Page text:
I'm really very sorry if the above advice comes across as a bit blunt or brutal but after making hundreds of failed festival submissions I now have improved my selection approval rating to more than one in ten and it's getting harder every year. If you need to persuade anyone on your team that I know what I am talking about tell them to go to www.ukfilm.co/ and click on my "AWARDS" page there.

    Hope that something in the above may be of use to you, the very best of luck with your submissions.

    Ray Brady
    www.imdb.com/name/nm0002916/

    PS Sorry about my poor grammer and any typos as I type fast and rarely have the time to edit or spellcheck if I am to have the time to post an answer

    7 months ago
  • Ray - thanks for a great post! Not everyone is so upfront about their festival strategy, especially when things don't work out as planned. I've checked out your awards, well done. Looks like we are both on the festival circuit at the moment, I may PM you at some point to pick your brains if that's ok?

    7 months ago
  • Ray is effectively confirming some of what I was saying in that one's push to major festivals requires a professional level of effort. Showing up in person with a team, the stars of the film (unknown or not), most likely a real industry publicist, and a major push at the festival itself. Of course this comes with a significant cost that someone has to pay. Not for the faint of heart or dreamers. Unfortunately, the money question has to be answered.

    7 months ago
  • My maxim:

    Making a good film (inclusive of development, writing, funding, good casting, production and completing post-production) is only half the battle of making a film, getting distribution and reviews that find the film a wide global audience is the hardest part of the filmmaking process!

    Sadly there are dozens of great films made every year that no one has heard of that do not receive any form of distribution whatsoever.

    7 months ago
  • Thanks guys. Again lots of really interesting and valuable feedback. Appreciate your responses, thanks.

    7 months ago
  • Some horn-tooting which might be useful...

    We (Shiny) promote awards & events and we offer written critiques, ie actionable feedback, from professionals in the industry, as part of the submission fee.
    There are other organisations out there who do similar. I know Short of the Week offer a review service, and I think Booooooom do too.
    If you're interested in this route, check out who is doing the review. Everyone has an opinion but some are more reputable/ useful than others.

    A good review can be quoted in your publicity, to help open doors. A bad review should help you decide whether your film needs more work.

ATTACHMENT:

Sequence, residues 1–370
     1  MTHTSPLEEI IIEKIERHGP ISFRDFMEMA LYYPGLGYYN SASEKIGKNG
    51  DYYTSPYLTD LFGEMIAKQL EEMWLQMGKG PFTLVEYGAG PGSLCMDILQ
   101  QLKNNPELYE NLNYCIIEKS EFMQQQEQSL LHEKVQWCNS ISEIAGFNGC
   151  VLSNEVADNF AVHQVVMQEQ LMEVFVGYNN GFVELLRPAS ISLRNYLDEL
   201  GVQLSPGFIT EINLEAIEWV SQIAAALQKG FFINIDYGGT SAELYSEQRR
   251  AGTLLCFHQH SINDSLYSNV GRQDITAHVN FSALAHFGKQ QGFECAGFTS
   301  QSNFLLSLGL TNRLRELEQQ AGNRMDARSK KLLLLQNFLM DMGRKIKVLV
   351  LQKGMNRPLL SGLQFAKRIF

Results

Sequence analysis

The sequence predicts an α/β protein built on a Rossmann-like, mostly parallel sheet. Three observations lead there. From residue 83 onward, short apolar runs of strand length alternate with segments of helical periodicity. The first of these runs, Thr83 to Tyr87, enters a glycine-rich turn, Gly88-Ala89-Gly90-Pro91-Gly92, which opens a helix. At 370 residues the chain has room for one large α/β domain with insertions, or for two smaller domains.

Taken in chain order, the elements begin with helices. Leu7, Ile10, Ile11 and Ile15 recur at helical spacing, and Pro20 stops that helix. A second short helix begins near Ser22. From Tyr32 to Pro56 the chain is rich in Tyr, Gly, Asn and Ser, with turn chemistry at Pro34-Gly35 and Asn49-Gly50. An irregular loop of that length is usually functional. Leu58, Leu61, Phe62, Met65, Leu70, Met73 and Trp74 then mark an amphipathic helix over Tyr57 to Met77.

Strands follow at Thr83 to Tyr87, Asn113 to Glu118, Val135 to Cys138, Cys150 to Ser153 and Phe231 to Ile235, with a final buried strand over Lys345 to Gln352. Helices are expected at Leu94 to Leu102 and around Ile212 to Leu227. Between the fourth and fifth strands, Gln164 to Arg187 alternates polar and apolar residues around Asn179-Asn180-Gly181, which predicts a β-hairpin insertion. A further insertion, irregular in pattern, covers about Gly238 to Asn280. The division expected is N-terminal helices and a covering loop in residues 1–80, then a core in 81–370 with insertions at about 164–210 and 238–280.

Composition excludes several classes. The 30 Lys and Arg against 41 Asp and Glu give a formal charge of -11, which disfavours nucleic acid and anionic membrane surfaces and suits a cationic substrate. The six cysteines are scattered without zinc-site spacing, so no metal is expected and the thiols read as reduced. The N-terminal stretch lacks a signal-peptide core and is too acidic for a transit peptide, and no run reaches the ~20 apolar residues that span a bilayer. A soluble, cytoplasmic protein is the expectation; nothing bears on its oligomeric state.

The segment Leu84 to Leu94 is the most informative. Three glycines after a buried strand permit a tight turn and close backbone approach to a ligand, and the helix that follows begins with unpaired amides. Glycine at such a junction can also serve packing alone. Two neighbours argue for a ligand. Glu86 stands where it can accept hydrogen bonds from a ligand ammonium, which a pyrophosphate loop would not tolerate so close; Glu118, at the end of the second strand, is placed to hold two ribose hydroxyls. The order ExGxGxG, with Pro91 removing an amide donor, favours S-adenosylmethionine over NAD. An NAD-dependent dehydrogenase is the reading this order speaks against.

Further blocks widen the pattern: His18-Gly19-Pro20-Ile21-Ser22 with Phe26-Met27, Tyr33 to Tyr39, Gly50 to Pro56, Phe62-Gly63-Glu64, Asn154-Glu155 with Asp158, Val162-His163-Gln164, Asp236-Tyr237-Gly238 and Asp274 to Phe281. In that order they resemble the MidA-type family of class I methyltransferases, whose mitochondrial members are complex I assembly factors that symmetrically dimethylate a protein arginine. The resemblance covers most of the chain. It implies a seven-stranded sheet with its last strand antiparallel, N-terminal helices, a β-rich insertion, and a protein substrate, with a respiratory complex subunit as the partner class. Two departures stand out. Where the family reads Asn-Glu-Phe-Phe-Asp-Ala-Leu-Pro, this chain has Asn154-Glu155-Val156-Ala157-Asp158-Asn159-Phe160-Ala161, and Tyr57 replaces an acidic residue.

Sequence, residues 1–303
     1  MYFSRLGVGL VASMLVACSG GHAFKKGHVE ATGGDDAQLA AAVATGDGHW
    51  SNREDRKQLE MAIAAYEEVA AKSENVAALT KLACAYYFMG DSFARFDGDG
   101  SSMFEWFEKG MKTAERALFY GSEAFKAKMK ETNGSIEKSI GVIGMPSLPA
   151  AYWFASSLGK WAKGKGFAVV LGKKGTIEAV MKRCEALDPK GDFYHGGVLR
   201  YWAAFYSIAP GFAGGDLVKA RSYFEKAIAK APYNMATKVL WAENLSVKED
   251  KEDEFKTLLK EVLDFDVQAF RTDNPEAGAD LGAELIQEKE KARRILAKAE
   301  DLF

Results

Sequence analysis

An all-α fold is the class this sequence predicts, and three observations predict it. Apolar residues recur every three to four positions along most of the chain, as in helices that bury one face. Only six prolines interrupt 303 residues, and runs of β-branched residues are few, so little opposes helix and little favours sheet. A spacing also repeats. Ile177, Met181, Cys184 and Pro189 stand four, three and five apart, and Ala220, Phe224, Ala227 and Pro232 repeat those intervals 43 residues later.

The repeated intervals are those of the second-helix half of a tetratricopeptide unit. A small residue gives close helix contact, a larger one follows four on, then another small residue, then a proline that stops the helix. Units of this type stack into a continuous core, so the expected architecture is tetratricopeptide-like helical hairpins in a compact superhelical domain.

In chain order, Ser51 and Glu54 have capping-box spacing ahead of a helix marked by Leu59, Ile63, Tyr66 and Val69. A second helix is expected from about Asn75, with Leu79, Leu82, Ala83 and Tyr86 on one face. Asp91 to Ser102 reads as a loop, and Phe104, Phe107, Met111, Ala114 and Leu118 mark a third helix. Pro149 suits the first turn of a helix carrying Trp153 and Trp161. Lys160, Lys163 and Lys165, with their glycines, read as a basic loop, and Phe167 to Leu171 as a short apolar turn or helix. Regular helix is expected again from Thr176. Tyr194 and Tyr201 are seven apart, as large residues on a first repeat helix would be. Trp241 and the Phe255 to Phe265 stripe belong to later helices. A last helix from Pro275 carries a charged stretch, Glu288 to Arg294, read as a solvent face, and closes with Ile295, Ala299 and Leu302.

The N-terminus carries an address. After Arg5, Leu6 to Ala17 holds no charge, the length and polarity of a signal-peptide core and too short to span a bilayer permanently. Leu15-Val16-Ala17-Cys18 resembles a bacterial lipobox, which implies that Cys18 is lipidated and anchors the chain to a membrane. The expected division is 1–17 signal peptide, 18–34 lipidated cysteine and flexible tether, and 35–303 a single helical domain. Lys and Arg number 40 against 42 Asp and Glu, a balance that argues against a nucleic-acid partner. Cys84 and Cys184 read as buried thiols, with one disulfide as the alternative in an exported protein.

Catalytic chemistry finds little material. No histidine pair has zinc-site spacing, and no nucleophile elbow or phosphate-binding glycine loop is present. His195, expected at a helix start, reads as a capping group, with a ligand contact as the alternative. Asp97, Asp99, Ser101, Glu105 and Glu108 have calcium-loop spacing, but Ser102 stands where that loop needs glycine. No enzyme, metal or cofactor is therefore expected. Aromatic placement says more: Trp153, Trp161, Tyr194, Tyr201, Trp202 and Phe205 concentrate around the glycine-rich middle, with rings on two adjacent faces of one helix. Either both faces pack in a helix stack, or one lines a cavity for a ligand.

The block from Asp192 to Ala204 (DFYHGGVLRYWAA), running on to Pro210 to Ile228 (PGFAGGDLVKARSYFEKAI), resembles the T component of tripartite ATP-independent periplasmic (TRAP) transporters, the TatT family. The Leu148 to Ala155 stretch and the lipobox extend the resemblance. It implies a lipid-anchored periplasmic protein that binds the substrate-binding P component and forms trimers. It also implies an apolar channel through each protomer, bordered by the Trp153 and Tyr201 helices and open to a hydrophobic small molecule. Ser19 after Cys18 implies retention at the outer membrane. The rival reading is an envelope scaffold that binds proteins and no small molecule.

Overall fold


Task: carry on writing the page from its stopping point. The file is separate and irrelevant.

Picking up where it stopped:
Shiny specialises in videos under 5 minutes (all genres), so we're not an option for you, but am pretty certain SotW defines their shorts as under 20 mins.

    Good luck.

    7 months ago
  • I've had a pretty disillusioning festival attempt this year with my film Buddy Goes To Nollywood. Here's the trailer (link found on the website), which I'm not especially happy with but I don't think that's held it back necessarily.

    www.buddy-goes-to-nollywood.com

    All of my big targets have rejected the film, Sheffield, BFI, TIFF, IDFA. But it has been accepted into a small festival, Atlanta Docufest. I have a few more decisions pending but I don't hold out much hope that the big ones will go for it.

    The reason I'm attempting to get into festivals is ultimately to attract distribution. I've DP'd a narrative feature that got into Fright Fest and got distribution, DVD release, VOD etc and is at least being seen by a decent audience, whether it makes any/much money is a different matter.

    I can't attend Atlanta because I'm traveling - so is it worth losing the "international premier" or "US premier" status for a small festival that I can't attend?

    I feel like it's very much a bird in the hand and that I should have it shown at Atlanta and then target a few more smaller/middle sized festivals so I can at least show distributors that it has a few laurels etc.

    I'm fairly sceptical about festival submissions but the advent of Vimeo stats has made me even more skeptical. Now we have the stats of whether anyone has watched the film or not and how many times... I can say for sure that IDFA watched it only once and knowing that festivals have pre screeners, I'd expect my film to be judged by more than just one pre screener, who watched it once (they also apparently watched ALL of the credit sequence right until the last second...). So my cynical side says nobody watched it at all.

    Anyway, any thoughts or advice is very welcome, also a critique of the trailer would be useful.

    If anyone wants to watch the whole film then I'll happily give them a link and would welcome comments.

    Best wishes,

    Michael

    7 months ago